Resolve Merge Conflicts: Avoid Overwritten Working Tree Files

When working with a team on a project, it's inevitable that multiple people will be making changes to the same files. This can lead to merge conflicts, where two or more changes conflict with each other and cannot be automatically merged. If you're not careful, resolving these conflicts can lead to overwritten working tree files, which can cause a lot of frustration and lost work. In this guide, we'll walk you through how to resolve merge conflicts and avoid overwritten working tree files.

What are Merge Conflicts?

Merge conflicts occur when two or more changes are made to the same file and cannot be automatically merged together. This can happen for a variety of reasons, such as:

  • Two people make changes to the same line of code
  • One person deletes a file while another person modifies it
  • Two people rename the same file to different names

When a merge conflict occurs, Git will let you know which files have conflicts and where those conflicts are located.

Resolving Merge Conflicts

Step 1: Identify the Conflicting Files

The first step in resolving merge conflicts is identifying which files have conflicts. You can do this by running the following command in your terminal:

$ git status

This will show you which files have conflicts and which branch they are conflicting with.

Step 2: Open the Conflicting Files

Next, you'll want to open the conflicting files in your text editor. Look for the section of the file that has been marked as conflicted. It will look something like this:

<<<<<<< HEAD
This is the code that was in the file before the merge.
This is the code that was added during the merge.
>>>>>>> other-branch

The <<<<<<< HEAD and >>>>>>> other-branch lines indicate the two conflicting changes. The ======= line separates the two changes.

Step 3: Resolve the Conflicts

To resolve the conflicts, you'll need to decide which change to keep and which change to discard. You can do this by manually editing the file to remove the conflicting lines and keep the changes you want.

Once you've made your changes, save the file and exit your text editor.

Step 4: Add and Commit the Changes

After you've resolved the conflicts, you'll need to add and commit the changes. You can do this by running the following commands in your terminal:

$ git add <file>
$ git commit -m "Resolved merge conflicts"

Replace <file> with the name of the file you just resolved conflicts in.

Avoiding Overwritten Working Tree Files

When resolving merge conflicts, it's important to be careful not to overwrite any changes that you or your team members have made. To avoid overwritten working tree files, follow these tips:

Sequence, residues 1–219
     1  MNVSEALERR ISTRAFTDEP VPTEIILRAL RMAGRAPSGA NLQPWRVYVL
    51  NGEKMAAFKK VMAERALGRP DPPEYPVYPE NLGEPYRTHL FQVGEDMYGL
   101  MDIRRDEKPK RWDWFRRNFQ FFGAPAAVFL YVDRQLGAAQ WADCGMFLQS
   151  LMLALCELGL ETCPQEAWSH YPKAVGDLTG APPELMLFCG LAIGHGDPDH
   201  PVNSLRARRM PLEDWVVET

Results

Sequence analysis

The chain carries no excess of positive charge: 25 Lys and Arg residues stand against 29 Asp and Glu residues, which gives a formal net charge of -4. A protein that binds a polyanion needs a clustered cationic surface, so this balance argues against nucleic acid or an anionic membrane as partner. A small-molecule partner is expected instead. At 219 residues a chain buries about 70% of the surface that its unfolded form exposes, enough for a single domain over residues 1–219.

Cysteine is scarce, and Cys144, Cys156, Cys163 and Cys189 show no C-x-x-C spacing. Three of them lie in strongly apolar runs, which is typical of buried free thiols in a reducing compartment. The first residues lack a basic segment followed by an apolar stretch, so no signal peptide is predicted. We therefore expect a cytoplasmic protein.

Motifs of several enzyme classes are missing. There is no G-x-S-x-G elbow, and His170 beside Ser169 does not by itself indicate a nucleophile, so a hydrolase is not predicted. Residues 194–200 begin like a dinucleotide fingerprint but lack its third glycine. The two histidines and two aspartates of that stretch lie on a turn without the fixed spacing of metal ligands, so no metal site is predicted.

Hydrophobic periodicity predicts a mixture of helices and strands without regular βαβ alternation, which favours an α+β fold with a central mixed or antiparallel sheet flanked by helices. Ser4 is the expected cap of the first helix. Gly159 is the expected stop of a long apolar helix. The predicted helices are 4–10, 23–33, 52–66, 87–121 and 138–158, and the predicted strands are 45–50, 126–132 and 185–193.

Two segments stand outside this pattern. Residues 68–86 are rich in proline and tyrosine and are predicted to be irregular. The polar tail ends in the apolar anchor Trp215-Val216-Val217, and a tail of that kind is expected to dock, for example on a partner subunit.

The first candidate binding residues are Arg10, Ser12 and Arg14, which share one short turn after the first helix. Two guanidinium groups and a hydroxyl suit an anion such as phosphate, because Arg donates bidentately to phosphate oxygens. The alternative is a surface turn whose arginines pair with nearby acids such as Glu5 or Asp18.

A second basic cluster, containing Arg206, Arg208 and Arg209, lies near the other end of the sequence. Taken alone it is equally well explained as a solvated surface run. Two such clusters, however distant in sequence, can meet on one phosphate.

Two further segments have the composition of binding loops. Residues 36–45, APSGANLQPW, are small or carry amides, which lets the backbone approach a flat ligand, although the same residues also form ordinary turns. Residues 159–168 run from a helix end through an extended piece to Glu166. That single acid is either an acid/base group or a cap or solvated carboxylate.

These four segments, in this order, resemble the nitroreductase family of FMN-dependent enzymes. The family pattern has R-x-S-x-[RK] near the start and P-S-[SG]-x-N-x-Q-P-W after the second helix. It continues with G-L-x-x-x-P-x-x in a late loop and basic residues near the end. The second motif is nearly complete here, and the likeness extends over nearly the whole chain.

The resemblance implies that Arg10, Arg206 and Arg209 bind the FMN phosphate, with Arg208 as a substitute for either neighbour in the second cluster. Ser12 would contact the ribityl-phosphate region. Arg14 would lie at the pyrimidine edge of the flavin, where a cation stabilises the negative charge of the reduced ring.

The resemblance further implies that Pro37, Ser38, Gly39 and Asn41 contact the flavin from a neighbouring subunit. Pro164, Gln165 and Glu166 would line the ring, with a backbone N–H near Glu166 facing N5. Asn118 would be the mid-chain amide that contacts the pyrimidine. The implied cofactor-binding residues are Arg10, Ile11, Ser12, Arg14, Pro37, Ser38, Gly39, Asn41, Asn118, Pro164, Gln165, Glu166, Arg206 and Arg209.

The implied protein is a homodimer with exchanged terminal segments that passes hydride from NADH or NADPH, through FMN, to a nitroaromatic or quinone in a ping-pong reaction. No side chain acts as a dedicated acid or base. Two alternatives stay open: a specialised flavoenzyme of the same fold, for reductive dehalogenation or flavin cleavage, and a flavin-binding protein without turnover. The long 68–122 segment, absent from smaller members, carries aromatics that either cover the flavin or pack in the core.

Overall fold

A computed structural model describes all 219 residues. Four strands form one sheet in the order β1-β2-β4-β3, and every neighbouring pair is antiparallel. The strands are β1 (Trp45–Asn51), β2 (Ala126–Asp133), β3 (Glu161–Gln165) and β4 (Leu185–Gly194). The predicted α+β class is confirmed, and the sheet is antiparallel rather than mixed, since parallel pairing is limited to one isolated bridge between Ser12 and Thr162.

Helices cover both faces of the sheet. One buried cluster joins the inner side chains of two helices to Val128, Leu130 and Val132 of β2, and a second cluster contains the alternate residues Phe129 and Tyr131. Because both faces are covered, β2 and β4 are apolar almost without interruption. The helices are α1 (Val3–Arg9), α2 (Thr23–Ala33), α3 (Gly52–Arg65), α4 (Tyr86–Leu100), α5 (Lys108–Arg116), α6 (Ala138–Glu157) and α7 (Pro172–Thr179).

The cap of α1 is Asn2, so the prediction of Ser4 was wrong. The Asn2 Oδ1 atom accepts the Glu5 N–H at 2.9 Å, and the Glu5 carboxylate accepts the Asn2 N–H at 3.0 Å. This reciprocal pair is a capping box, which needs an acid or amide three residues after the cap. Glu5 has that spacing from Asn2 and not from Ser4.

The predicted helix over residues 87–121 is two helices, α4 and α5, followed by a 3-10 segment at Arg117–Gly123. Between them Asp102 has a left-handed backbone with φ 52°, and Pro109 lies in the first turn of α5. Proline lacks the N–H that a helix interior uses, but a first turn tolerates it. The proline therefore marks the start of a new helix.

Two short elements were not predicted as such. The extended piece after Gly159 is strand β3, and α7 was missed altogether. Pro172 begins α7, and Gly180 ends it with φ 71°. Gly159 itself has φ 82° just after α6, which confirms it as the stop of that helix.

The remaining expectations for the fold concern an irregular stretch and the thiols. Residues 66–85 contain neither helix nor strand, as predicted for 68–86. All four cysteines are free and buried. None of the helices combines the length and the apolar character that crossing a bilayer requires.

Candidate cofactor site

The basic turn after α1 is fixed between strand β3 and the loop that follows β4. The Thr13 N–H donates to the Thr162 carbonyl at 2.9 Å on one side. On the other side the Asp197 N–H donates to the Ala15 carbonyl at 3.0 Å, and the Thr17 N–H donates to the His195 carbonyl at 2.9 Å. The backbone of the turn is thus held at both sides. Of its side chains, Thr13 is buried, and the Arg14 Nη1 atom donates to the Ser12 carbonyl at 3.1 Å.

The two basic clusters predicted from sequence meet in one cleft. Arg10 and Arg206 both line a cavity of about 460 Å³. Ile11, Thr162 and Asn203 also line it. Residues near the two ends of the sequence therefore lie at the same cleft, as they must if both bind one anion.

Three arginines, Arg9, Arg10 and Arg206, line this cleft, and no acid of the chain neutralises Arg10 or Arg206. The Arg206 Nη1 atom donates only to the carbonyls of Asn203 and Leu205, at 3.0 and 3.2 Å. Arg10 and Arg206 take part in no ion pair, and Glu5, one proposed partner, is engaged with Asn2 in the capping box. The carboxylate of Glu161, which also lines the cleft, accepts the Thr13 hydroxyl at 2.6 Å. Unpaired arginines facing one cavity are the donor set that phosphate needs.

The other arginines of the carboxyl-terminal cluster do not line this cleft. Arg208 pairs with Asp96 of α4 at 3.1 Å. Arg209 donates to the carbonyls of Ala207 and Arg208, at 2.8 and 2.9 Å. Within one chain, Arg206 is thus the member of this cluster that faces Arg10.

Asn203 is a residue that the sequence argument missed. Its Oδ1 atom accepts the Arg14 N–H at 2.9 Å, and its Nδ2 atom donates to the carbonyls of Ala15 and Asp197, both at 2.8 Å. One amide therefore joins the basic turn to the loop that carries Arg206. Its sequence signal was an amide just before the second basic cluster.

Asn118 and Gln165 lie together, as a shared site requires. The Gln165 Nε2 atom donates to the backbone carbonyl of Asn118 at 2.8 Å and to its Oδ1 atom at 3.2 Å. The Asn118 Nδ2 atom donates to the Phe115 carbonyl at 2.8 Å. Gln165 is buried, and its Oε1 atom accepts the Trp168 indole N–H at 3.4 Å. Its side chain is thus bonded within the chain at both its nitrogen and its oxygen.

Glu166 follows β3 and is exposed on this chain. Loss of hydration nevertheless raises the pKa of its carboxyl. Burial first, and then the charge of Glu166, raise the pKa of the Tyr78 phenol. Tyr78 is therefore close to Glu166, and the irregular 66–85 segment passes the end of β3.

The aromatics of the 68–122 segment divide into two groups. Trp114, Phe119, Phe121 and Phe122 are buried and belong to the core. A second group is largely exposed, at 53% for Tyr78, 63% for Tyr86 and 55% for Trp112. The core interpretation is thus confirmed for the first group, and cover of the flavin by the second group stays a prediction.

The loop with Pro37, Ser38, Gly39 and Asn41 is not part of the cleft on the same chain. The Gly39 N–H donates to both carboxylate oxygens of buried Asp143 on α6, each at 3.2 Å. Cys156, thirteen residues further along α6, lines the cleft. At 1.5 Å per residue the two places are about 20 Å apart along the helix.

• Always pull the latest changes from the remote branch before making changes yourself
  • Communicate with your team members to avoid making conflicting changes
  • Use a version control system like Git to track changes and manage conflicts

By following these tips, you can avoid the frustration of overwritten working tree files and ensure that your team is working efficiently.


How can I prevent merge conflicts from happening in the first place?

One way to prevent merge conflicts is to communicate with your team members about the changes you plan to make. If two people are working on the same file, talk to each other about who will make changes first and when. You can also use branching strategies to separate work and minimize conflicts.

What should I do if I accidentally overwrite someone else's changes?

If you accidentally overwrite someone else's changes, the first thing you should do is apologize and communicate with your team member about what happened. Then, work together to figure out how to restore the lost changes. You can also use Git's reflog command to recover lost commits.

How can I tell which branch a merge conflict is coming from?

When running git status, Git will tell you which branch the merge conflict is coming from. Look for the line that says "both modified" and the branch name will be listed there.

Can merge conflicts happen with binary files?

Yes, merge conflicts can happen with binary files such as images or videos. In these cases, you'll need to manually resolve the conflicts in the file using a tool like a hex editor.

Can merge conflicts be automated?

Some merge conflicts can be automatically resolved by Git's merge algorithms, but others require manual intervention. It's always a good idea to review merge conflicts carefully to ensure that no changes are lost or overwritten.

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